Design with IoT intelligence. Perhaps one of the most untapped areas of IoT design to date is bidirectional data. There is a massive amount of IoT data being generated today, and it is all one big treasure trove for design teams.

And as more of this intelligence becomes available, designers can start to use it in an operational context to improve their products. In fact, the data received from sensors that are embedded in products that are actively being used can drive insights that could never before be realized through traditional design avenues.

For instance, feedback from these sensors could help drive the next level of product innovation in ways such as:
• Determining whether a product is being used in the manner it was intended – or in some completely unexpected way that could open up new market opportunities 
• Discovering that small changes in a product may create greater usability for customers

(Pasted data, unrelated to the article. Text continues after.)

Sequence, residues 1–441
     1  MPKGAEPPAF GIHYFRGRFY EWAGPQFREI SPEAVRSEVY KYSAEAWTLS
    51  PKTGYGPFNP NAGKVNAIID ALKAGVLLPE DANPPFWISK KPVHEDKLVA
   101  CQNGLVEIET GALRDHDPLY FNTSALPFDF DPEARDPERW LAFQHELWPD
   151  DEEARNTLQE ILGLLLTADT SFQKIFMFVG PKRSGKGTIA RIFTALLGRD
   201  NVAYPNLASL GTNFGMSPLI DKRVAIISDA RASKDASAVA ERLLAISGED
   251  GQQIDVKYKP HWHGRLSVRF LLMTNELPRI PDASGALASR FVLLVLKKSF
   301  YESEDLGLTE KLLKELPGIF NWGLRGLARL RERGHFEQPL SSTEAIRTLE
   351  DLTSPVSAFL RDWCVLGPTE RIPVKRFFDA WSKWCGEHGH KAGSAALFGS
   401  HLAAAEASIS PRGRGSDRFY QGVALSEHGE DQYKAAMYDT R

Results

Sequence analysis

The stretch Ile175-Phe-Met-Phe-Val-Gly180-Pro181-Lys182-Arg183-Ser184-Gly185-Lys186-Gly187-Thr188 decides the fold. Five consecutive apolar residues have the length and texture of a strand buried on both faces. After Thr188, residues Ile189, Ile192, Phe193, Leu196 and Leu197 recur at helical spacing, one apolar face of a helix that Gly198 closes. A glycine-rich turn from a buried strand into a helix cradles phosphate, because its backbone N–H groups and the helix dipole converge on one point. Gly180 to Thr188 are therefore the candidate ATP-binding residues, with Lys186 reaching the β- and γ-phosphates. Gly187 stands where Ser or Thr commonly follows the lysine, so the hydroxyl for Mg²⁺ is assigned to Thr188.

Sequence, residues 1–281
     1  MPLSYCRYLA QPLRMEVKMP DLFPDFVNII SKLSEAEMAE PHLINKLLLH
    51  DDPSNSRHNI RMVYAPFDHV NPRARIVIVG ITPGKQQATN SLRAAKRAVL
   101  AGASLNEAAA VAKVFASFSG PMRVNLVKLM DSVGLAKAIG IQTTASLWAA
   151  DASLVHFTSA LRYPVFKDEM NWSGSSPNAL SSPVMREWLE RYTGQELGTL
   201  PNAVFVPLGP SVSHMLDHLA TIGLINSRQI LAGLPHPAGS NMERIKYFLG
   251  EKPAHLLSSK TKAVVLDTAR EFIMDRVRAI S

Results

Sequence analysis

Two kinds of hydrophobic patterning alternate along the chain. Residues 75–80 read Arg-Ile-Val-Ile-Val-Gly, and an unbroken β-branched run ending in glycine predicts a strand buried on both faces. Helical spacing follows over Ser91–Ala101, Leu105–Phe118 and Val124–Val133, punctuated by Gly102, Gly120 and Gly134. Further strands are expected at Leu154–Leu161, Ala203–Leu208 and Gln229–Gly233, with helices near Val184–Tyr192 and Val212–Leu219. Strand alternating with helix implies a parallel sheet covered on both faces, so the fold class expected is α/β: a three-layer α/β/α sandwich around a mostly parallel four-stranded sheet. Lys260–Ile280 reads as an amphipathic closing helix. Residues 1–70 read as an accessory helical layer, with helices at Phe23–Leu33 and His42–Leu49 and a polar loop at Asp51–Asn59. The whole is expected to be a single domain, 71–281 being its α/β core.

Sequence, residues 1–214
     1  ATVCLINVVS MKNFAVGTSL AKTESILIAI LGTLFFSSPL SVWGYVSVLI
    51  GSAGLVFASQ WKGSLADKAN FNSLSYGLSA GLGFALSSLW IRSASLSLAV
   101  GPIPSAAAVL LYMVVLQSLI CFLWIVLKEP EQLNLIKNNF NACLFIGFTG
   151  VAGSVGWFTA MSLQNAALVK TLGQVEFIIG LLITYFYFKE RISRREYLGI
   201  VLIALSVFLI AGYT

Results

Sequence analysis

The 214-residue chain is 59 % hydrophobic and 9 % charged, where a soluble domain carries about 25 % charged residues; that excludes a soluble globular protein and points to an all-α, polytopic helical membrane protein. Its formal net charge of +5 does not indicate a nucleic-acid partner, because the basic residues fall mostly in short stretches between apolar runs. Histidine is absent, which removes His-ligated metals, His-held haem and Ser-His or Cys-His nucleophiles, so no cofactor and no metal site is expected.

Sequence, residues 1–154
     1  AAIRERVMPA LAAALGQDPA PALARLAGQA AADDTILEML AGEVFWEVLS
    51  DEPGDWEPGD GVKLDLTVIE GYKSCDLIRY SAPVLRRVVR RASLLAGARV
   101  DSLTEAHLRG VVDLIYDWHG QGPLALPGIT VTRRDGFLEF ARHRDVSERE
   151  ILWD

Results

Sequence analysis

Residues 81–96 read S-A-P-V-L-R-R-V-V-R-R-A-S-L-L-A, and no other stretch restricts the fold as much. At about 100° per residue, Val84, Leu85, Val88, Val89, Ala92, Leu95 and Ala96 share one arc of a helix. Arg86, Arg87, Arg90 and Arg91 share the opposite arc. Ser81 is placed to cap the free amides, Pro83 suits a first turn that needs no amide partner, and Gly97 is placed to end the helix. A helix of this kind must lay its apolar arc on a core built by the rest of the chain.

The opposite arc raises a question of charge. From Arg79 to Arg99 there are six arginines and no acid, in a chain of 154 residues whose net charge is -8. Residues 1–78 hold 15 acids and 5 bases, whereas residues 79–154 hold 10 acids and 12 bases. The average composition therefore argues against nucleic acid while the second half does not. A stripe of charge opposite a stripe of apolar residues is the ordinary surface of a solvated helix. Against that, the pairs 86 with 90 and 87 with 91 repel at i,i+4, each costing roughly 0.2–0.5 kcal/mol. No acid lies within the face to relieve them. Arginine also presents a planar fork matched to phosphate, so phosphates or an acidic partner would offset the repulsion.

• Increasing the lifecycle of products with simple design adjustments or different, more durable components or software updates (think of Tesla’s use case here)
• Discerning whether product failures are caused by components, improper usage, or lapsed maintenance

Products like computers and smartphones – which have integrated software, hardware, and services built right in – have been leveraging data in this manner for a while. And building on the truck example, truck and car manufacturers have already started using telemetry and system performance data in connected cars as feedback to design teams when malfunctions occur.